If they consider the monthly payments to be excessive, they may require the vehicle to be returned and monthly contributions are instead made to your bankruptcy estate.  

Basically, how this is determined works in a similar way to if you own a car. If the net value is £1,000 or less, you may be allowed to keep it if you can prove that owning the car is essential.

In this case, you should inform the finance company of your situation; some will be happy to continue with the agreement provided you are able to keep up your repayments, although some may not. 

A leased car

Leasing a car is not entirely dissimilar to having one on hire purchase. The crucial difference, however, comes in the ‘purchase’ part. Leasing is basically just like long-term renting – at no point will you own the vehicle.

As such, if you’re leasing a car when you declare bankruptcy, your receiver will almost certainly demand that you end the contract with immediate effect. 

Can I get car finance after bankruptcy?

After your bankruptcy has ended and you’ve been discharged, provided that you can demonstrate that you have made reasonable steps to recover financially, you may well find that leasing companies are prepared to lease another car to you. 

However, it’s usually best to wait at least 12 months to try and improve your credit score before you start to apply for credit again, as it may be seen as a negative if you start trying to get credit straight away.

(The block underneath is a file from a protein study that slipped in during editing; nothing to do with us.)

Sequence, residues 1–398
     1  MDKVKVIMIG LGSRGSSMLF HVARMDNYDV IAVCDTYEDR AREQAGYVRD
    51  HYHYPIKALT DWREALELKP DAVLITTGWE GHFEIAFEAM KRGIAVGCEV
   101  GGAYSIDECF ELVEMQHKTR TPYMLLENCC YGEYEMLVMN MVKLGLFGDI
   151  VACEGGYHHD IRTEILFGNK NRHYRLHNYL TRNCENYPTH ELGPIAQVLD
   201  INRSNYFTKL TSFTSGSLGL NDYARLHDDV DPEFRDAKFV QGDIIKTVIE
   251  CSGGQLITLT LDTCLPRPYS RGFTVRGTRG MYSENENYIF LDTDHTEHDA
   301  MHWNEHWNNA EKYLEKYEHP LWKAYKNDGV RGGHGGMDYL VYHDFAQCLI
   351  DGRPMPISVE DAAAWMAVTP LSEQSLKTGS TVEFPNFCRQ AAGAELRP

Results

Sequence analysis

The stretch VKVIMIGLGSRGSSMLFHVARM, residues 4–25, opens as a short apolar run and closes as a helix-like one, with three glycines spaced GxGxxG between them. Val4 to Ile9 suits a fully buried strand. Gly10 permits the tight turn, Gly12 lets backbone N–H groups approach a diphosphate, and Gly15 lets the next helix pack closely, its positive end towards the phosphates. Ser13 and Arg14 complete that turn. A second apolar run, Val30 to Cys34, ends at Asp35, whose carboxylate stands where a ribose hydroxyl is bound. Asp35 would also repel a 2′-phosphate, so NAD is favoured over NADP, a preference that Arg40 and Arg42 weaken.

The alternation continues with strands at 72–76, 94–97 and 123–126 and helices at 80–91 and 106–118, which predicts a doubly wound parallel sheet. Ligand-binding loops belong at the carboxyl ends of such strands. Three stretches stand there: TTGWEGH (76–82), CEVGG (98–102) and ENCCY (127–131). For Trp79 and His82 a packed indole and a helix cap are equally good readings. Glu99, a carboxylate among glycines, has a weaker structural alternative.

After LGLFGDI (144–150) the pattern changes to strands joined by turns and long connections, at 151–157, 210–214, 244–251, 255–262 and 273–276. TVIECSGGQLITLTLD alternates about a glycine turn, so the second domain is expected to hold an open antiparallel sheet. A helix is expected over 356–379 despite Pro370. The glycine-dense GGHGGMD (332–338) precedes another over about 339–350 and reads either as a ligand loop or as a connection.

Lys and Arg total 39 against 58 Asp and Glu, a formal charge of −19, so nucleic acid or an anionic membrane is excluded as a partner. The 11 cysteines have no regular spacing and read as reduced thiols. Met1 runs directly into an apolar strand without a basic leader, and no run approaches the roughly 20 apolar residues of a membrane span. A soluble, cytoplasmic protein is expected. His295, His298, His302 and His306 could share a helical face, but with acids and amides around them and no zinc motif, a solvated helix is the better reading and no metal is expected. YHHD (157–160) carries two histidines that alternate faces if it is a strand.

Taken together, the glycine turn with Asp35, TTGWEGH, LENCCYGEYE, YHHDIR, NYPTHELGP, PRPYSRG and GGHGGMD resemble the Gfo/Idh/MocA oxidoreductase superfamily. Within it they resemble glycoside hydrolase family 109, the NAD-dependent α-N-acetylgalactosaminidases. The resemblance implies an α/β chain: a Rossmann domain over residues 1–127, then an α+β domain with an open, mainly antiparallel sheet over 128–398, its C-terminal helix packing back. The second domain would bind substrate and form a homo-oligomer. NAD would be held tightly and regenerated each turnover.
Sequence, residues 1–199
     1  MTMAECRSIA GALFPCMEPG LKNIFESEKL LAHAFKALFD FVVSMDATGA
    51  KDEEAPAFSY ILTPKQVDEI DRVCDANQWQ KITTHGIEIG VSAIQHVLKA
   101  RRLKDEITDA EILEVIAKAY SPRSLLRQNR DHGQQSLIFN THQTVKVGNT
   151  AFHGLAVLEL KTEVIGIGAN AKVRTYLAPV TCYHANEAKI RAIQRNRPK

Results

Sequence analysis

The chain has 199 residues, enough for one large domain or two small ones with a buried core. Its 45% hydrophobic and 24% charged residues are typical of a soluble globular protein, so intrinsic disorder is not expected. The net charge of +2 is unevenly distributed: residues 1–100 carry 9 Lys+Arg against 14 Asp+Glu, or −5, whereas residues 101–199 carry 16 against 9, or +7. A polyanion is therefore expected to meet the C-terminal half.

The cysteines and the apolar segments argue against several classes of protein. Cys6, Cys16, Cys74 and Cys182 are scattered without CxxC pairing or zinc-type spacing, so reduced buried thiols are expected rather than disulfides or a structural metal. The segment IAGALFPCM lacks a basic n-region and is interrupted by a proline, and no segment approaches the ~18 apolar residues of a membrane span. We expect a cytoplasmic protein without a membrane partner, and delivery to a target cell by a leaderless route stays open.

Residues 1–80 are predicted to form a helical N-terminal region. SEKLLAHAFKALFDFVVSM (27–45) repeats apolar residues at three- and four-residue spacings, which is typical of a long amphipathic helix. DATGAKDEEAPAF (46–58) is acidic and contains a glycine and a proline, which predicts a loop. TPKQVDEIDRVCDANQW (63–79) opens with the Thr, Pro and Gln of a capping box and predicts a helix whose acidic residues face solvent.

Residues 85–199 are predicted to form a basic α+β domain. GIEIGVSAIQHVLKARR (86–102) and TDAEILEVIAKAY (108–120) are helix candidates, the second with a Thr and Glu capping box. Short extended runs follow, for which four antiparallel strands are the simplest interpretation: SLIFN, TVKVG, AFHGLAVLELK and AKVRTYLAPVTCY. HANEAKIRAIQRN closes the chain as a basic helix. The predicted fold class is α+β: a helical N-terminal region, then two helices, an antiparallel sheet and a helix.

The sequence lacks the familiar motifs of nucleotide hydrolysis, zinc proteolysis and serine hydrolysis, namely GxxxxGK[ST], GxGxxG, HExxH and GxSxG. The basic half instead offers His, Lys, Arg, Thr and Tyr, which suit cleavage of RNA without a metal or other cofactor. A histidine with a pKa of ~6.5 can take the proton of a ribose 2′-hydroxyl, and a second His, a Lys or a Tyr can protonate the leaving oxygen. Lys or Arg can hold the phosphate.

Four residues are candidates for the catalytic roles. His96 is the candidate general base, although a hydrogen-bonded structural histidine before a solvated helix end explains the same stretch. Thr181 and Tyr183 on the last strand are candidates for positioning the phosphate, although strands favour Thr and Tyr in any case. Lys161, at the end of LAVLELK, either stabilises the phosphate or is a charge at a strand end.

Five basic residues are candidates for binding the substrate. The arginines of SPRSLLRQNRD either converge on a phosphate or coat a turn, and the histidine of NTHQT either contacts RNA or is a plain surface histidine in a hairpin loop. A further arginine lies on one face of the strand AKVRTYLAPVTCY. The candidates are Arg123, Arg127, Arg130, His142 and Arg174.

Remember, if you have a low credit score, you won’t get the best finance options – so it’s definitely worth trying to improve your credit score, or even opting to save and purchase a cheap car outright. 

How can I improve my credit score?

If your credit rating is poor, it’s really important to rebuild your credit score. Some simple ways to do this include the following:

  • Try to use credit such as credit cards little and often and pay them back on time each month
  • Fix any mistakes on your credit report which could impact your score
  • Make sure you are on the electoral roll so lenders can find your details when you apply for finance
  • Pay all of your bills on time
  • Avoid making multiple credit applications in a short space of time

How McAlister & Co can help

So, in answer to the question “can I get car finance after bankruptcy?” – yes, you can. It’s just important that you rebuild your credit score first.

Bankruptcy and personal insolvency can be an incredible tough time, so if you don’t know where to start or what to do, contact McAlister & Co today for free, confidential advice.

With over 20 years of experience in personal insolvency, we have a proven track record of helping people with bankruptcy – why not have a read of our personal insolvency FAQs here if you are unsure where to start? 

New call-to-action

Filed Under: Insolvency, personal debt

We don’t need personal or company details to answer initial questions on your situation:

Call 03300 563 600

Recent Posts